For some, a Thanksgiving first at the Rochester International Academy

RIA

NOTE: THIS ARTICLE ORIGINALLY APPEARED IN THE DEMOCRAT AND CHRONICLE. SEE ALL D & C ARTICLES.

December 21, 2013

For the past three years, the Rochester International Academy has celebrated Thanksgiving in fine fashion.

At the school on the old Jefferson campus, students, faculty, staff, parents and other members of the closely knit RIA community gather together for bountiful servings of homemade turkey, mashed potatoes, stuffing, cranberries and pumpkin pie and a few other “American” foods.

For some RIA students and parents, like the original Pilgrims in 1621, this is their first Thanksgiving. If collective ebullience is any indication, this most American of traditions—and its feast—lived up to its billing.

As stated by Principal Mary Andrecolich-Montesano – “we planned for 400 and we had more than that. It warms my heart to share our ‘American Tradition – Thanksgiving’ with my students, their families and my staff. There was 100% staff attendance.” In preparation for the event, teachers explicitly taught the students what Thanksgiving was and what it meant to be grateful and thankful.

During the event, students delivered messages on gratefulness. One student said, “I am so grateful to be at RIA, it is my family.” Another student said, “I am grateful to be in America and I don’t have to sleep outside.” A parent said, “I am happy to learn about Thanksgiving. The food is different but very good, very American. I am happy that my children are learning English at RIA and that they have a big dinner for the refugee people and tell us what is going on in school in my language.”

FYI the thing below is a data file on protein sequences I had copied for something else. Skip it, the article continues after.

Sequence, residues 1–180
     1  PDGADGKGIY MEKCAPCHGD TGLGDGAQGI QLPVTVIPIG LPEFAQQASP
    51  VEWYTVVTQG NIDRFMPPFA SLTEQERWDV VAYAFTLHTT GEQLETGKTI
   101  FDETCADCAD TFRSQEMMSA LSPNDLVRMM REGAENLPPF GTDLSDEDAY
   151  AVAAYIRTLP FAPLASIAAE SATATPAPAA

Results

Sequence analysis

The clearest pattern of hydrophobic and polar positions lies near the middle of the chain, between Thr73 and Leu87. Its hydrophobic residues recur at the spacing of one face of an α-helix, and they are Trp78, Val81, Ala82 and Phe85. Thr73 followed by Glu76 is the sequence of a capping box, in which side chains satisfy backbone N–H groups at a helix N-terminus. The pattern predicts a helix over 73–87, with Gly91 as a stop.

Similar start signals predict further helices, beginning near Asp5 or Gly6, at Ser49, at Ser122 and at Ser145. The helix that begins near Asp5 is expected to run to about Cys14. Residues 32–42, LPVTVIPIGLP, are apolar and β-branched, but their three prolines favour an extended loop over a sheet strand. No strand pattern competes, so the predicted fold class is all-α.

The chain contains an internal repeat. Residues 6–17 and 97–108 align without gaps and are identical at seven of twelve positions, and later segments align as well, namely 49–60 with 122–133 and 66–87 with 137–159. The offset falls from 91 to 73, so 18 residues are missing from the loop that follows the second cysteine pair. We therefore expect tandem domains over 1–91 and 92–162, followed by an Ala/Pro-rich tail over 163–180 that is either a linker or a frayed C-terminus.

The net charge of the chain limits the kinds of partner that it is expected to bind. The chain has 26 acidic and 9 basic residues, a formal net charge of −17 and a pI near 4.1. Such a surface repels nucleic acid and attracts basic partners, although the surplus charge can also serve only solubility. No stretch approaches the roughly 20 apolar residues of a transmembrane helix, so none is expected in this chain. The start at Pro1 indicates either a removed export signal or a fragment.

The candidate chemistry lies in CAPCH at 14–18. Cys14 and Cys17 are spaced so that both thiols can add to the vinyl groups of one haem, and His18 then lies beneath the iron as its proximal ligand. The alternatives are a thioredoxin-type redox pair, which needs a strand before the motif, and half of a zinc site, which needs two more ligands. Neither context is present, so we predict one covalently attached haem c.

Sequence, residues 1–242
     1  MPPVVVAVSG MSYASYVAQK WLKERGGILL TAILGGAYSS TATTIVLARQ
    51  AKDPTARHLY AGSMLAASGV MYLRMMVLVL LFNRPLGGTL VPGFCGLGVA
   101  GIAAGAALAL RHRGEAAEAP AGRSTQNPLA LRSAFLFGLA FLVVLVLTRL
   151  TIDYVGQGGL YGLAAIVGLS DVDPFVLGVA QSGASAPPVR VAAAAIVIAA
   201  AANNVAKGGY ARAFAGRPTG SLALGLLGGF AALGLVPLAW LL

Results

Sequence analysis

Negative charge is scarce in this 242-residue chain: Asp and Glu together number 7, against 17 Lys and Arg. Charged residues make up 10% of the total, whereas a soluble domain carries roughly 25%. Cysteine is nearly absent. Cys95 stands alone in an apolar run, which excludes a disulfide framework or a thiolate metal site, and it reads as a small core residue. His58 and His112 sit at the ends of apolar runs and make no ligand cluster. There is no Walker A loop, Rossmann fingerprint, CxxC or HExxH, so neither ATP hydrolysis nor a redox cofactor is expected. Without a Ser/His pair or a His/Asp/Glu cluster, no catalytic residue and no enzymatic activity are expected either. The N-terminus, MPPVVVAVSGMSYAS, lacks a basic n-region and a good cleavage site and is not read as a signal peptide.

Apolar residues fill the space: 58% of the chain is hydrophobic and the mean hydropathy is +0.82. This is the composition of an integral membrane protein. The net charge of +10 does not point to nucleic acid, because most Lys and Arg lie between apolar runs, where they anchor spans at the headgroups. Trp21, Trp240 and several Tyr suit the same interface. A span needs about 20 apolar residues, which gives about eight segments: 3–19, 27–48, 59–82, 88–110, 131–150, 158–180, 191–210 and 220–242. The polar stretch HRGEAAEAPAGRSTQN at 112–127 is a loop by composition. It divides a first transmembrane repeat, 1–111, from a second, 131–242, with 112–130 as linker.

Prior to the dinner, parents/guardians met with teachers along with interpreters—it is extremely important that the families hear school information in their native language—to discuss report cards, review the school calendar, discuss other school related parent/guardian concerns and cold weather. (Many of the families have not experienced a Rochester winter.) Parents/guardians were also invited to visit RIA’s clothing closet to receive free warm clothing – and they did.

For those unfamiliar, RIA’s mission is to help newly arrived English Language Learners acclimate to their new cultural and academic surroundings. RIA provides rigorous language instruction and interdisciplinary learning, in collaboration with families and the community.

Over the years, students at RIA have come from Nepal, Burma, Somalia, Bhutan, Thailand, Burundi, Tanzania, Vietnam, Iran, Rwanda, Ethiopia and Yemen. Over 90% of the students at RIA are refugees and have been resettled in Rochester through the Catholic Family Center.

Of all the schools I visit, RIA is unquestionably one of my favorites. At RIA—unlike other schools where the pose of blasé indifference too often prevails—students rarely have to be cajoled or hectored when it comes to their studies. You could say they are as hungry for education as for turkey and stuffing.

Unfortunately, every year RIA faces budget cuts and the possibility that the student body will be dispersed throughout the District. As someone who has seen the passion of its students and teachers—and how well the RIA model of assimilation works—this would be a loss indeed.

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